MOSCOW (Reuters) - The director of a pro-Kremlin vote monitoring agency which sent observers to Scotland’s referendum denounced the result on Friday, saying Scots were pressured into rejecting independence to avoid comparisons with Crimea’s vote to secede from Ukraine.
“All strength and resources were thrown into preventing Scotland from splitting, and people were de facto threatened that if they secede...there will be all sorts of troubles,” said Georgy Fyodorov, head of a Russian vote monitoring group.
“This influenced the decisive votes,” Fyodorov said, adding that although the campaign was roughly in line with local laws, it was faulty. Fyodorov also said his three observers in Scotland had doubts over vote counting in some small polling stations that he said were run by supporters of the union.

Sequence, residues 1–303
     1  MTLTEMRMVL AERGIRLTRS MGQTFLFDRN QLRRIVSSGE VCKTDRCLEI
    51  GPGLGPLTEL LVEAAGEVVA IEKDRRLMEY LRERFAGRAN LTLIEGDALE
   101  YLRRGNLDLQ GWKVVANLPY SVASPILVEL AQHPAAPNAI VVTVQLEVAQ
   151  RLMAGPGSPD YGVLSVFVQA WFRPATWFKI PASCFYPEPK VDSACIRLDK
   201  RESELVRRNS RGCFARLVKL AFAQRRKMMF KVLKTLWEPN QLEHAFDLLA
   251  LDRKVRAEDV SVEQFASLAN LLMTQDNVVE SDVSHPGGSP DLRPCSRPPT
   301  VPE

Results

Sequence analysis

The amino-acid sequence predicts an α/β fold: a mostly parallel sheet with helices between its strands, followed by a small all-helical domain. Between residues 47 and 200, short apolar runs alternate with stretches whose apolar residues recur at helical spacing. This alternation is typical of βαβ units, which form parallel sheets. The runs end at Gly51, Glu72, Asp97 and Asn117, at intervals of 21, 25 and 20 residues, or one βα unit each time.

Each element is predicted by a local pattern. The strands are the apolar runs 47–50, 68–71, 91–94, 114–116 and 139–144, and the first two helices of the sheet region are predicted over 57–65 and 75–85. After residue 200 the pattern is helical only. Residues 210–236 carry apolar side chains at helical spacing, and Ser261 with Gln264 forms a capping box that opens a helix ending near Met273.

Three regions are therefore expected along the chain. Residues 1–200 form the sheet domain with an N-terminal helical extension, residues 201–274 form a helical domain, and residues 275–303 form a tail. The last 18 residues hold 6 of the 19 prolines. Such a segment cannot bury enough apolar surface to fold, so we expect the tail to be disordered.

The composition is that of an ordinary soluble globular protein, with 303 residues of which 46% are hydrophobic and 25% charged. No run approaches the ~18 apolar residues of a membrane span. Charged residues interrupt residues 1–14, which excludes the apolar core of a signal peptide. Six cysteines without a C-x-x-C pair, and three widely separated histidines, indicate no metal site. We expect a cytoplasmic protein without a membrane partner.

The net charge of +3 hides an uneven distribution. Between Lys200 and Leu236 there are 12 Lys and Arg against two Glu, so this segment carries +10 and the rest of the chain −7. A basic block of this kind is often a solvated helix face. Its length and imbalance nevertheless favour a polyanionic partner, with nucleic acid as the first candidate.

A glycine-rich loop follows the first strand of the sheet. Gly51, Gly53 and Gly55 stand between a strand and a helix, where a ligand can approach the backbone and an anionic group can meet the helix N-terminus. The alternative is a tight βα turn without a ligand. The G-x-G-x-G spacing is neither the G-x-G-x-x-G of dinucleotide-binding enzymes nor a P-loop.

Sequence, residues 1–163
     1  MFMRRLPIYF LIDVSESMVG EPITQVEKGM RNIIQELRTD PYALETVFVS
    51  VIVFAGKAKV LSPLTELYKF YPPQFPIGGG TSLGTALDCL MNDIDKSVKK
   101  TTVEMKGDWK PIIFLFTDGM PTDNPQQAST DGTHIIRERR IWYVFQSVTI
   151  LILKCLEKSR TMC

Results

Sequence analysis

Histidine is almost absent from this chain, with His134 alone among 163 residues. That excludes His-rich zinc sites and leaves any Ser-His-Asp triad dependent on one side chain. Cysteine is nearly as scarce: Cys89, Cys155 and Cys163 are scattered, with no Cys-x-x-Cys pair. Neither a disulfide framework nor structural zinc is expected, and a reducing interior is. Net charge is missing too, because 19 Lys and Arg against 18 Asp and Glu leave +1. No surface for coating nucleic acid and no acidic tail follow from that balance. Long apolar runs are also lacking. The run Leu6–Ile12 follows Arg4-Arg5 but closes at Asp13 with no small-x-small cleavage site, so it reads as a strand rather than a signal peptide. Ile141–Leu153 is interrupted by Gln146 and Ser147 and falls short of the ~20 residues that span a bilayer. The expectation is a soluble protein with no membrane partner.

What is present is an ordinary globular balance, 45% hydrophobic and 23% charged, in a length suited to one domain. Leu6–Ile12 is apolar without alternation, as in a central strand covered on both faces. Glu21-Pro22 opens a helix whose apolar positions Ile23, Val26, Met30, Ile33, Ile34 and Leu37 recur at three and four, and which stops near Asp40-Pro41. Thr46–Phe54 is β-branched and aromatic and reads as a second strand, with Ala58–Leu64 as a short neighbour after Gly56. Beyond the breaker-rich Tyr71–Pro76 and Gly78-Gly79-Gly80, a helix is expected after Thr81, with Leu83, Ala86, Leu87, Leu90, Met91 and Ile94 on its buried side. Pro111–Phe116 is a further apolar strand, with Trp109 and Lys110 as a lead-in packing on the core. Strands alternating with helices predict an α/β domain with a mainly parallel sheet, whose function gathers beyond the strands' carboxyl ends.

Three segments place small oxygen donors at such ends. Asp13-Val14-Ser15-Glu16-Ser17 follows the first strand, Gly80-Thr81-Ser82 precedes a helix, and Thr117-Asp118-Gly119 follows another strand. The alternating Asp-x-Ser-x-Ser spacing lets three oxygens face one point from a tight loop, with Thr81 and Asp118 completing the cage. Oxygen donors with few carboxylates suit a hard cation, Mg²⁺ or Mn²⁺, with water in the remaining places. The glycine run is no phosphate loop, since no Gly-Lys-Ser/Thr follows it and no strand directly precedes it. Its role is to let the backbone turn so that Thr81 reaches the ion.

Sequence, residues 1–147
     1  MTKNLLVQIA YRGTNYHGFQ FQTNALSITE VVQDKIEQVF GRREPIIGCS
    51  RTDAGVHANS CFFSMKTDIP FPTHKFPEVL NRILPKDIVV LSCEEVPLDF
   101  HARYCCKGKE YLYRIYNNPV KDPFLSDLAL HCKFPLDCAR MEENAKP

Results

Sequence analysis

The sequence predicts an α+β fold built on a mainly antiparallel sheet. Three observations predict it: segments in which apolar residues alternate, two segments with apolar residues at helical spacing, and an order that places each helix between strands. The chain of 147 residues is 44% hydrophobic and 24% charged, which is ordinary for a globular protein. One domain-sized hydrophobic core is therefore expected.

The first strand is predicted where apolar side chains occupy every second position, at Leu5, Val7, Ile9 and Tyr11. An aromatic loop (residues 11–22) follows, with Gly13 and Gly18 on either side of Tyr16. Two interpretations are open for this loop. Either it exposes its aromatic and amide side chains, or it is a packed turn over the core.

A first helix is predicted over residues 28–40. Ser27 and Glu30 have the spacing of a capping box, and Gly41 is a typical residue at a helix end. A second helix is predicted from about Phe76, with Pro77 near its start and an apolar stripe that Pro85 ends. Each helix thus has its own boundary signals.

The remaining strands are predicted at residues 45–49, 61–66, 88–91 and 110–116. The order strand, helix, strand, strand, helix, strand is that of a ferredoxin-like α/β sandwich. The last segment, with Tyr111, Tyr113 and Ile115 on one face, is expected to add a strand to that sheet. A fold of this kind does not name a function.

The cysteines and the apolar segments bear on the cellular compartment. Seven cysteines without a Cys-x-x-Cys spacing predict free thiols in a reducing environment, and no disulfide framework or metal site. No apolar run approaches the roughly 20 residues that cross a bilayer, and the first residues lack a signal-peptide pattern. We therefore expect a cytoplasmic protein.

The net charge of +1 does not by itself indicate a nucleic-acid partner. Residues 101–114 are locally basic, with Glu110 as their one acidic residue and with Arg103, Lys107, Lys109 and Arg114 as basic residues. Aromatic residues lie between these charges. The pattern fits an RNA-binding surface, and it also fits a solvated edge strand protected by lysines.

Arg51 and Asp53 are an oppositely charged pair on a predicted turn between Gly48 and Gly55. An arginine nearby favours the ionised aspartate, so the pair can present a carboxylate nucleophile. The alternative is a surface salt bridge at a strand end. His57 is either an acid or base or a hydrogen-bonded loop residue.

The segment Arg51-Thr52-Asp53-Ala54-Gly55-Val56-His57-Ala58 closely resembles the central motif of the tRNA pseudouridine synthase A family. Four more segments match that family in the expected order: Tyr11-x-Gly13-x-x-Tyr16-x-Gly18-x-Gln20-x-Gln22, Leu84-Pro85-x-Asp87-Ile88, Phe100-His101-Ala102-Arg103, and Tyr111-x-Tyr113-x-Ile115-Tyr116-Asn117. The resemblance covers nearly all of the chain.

Russian media had closely followed preparations for the Scottish vote, comparing them to referendums held in Crimea, before the Ukrainian territory’s annexation by Russia, and in eastern Ukraine, known as the Donbass region.
Neither vote was recognised as legitimate by the West, but for many in Russia, a Scottish “Yes” vote would have been seen as legitimising separatist sentiments in Crimea and in eastern Ukraine, where Kiev accuses Russia of fanning violence.
“The British monarchy would not be able to recognise (a “yes” vote in Scotland) because then they would have to recognise that residents of Donbass want to split and they would have to recognise the Crimea referendum,” Fyodorov told Reuters.
Residents of Crimea voted in March to join Russia, and the Russian-speaking regions of Donetsk and Luhansk held a referendum in May which vote organisers said showed that most wanted self-rule.
The international community refused to recognise the votes over numerous violations, and the West blames Moscow for fanning the violence in Ukraine. The Kremlin denies that and says the West uses double standards vis-a-vis Russia.
Reporting by Gabriela Baczynska; Editing by Dominic Evans